Dementia, Sense of Smell and Current Research

Current research shows that there is a possible link between the loss of the sense of smell and death perhaps within five years.   The theory is that when the brain is no longer able to process smells that it is possible that death can occur within five years. There is no single cause of death found in the link.   The diminishing sense of smell is something that is one of the many symptoms in dementia. 

I first remember a problem with my sense of smell was when I was about 14 years old.
I was home ill from school and was on the sofa, it was a wet day and my mother had draped some washing to dry on the large square fireguard surrounding the hearth.  On it was my older sisters new twin-set that my mother had bought her to wear in her first job.  My mother came into the room and started shouting at me, ‘couldn’t I smell the scorching?’; actually no I couldn’t.  The light grey twin-set now had yellow scorch marks over the sides facing the fire.
From then on I noticed my faulty sense of smell: a lack of smell for some things, not being able to identify some, and over sensitivity for others.

When I was 18 a factory next door to where I was working had a problem with chemicals they were using and the smell of it was making me vomit throughout the day. I was the only one who had this reaction to the smell and investigations by the Public Health Inspector (who happened to be my father!) concluded that Napthalene was the chemical and that their chimney needed to be raised.

Then at one workplace in my 40/50’s the perfume ‘Vanilla’ worn by a work colleague, (which one I don’t know but it is one of the more expensive fragrances), would make my nose bleed.  When women lust after the current ‘must have’ perfume to wear, I just sniff and grimace wondering why they all smell badly of soap, or compost heaps!  The brain is instrumental in interpreting what the olfactory organ presents it, and it appears that mine has always been a bit ‘damaged’ in some way.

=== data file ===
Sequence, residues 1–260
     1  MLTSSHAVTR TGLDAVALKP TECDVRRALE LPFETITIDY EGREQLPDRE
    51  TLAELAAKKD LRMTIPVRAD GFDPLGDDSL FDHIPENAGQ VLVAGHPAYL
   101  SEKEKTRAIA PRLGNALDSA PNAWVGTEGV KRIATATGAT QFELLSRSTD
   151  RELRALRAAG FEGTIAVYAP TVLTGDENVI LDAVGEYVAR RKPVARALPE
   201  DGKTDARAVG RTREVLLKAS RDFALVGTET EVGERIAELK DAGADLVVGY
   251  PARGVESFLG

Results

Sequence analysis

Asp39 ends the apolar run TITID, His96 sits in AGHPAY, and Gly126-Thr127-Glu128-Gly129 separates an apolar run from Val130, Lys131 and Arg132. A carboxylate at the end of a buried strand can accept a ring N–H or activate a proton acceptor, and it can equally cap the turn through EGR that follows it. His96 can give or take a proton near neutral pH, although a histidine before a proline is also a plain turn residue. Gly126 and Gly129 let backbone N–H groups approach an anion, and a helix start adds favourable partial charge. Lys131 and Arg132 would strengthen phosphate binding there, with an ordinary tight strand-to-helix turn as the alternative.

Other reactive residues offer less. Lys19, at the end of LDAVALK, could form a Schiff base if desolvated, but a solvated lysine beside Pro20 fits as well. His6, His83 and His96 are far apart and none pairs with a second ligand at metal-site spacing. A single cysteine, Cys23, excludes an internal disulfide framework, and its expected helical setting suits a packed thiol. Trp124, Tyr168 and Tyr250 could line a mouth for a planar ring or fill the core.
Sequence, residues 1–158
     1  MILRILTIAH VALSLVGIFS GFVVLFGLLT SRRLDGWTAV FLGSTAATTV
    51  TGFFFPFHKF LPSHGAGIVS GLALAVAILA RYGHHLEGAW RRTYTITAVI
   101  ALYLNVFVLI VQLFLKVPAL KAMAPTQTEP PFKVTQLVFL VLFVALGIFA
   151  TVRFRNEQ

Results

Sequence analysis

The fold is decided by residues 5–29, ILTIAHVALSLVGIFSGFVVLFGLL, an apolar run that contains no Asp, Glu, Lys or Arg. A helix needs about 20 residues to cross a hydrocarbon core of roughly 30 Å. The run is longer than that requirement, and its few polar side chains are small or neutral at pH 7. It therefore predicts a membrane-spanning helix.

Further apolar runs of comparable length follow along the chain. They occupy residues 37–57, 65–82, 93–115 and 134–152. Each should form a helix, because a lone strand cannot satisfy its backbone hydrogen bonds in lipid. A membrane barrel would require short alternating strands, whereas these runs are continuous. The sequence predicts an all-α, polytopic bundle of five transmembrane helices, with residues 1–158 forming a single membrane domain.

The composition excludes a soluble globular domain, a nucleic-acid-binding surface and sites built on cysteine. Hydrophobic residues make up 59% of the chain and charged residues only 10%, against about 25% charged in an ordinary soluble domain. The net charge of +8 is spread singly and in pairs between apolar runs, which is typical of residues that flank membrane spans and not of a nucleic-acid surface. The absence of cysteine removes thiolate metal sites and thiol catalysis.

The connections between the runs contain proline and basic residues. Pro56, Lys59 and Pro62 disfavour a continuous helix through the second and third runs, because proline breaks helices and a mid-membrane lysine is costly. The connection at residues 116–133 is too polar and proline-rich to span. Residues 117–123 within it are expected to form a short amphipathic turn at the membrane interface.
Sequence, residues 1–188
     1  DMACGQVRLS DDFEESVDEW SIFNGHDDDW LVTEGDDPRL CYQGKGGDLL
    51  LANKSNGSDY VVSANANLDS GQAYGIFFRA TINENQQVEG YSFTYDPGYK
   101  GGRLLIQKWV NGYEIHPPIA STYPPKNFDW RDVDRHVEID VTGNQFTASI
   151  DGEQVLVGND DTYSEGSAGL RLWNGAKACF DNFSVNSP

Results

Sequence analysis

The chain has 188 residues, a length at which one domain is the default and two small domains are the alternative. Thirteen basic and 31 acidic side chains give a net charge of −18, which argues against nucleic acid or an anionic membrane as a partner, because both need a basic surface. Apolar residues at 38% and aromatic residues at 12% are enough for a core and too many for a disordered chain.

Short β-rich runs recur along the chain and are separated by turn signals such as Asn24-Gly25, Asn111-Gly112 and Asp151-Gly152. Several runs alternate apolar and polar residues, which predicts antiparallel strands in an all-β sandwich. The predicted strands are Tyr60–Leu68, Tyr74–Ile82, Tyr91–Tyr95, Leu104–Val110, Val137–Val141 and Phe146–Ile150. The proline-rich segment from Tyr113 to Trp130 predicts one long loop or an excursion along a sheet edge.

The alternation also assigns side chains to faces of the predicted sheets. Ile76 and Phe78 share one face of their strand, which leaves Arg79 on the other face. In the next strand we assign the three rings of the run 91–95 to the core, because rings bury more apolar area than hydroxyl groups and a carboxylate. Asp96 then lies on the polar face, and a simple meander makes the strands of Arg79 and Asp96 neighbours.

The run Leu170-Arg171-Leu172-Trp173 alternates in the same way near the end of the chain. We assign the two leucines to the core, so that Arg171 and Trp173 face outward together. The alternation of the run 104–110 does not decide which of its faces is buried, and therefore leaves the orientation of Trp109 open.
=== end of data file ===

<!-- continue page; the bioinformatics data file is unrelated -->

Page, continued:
The smell of food; bacon frying, pizza, roast chicken, fresh strawberries or whatever our personal favourites are all have an effect on our brain when we smell them. You smell something wonderful like freshly baked bread and coffee and your brain processes that with perhaps memories, ideas and hunger.  You can imagine the taste, the satiated feelings of being fed, but for me smells of food did not appear to trigger anything, especially not hunger. I can honestly say that from a very young age I have never felt hungry.  Food was not something I enjoyed, eating was something that you had to do each day. I remember as a child never wanting to eat, crying as I sat at the large square dark oak dining table with thick barley twist legs that I loved polishing as I sat underneath. I was not allowed to get down unless I ate something and so I sat seemingly alone for hours, crying not wanting to eat the black cabbage that had been cooked in the pressure cooker for 20 minutes until it was bitter.  As a baby I would not eat and no-one knew why; this I was told by my mother who said it accusingly as if I was wilfully starving myself to make her life a misery.

So now I read about Alzheimer’s and how it affects the brain, I read about different symptoms that show a cognitive decline consistent with the disease.  It is hard not to try and fit your own ‘disabilities’ into the pattern that combines towards early Alzheimer’s and as I look back at these anomalies and hear other people living with dementia talk about when they first noticed these ‘symptoms’ as they have got older, I am transported back to childhood to a time when my mother was hitting me round the head with daily regularity (a clip round the ear is often spoken of in jest nowadays).

One of the first things I noticed when I started to take Rivastigmene as prescribed for me for my Alzheimer’s, was how my sense of smell appeared to be awakened. I could walk past cafe and the smell of food made me feel ‘hungry’. Now Iunderstood what others experience with the aroma of food, however eating the food does not stop the ‘hungry’ experience so that I am not satiated when I eat.  What I now experience is the smell of food triggering a notion of enjoyment of eating, and a connection between enjoying the 102493883smell and the taste.

All I need now is another trigger to let me know that my desire for the taste of something has been satisfied after a few mouthfuls!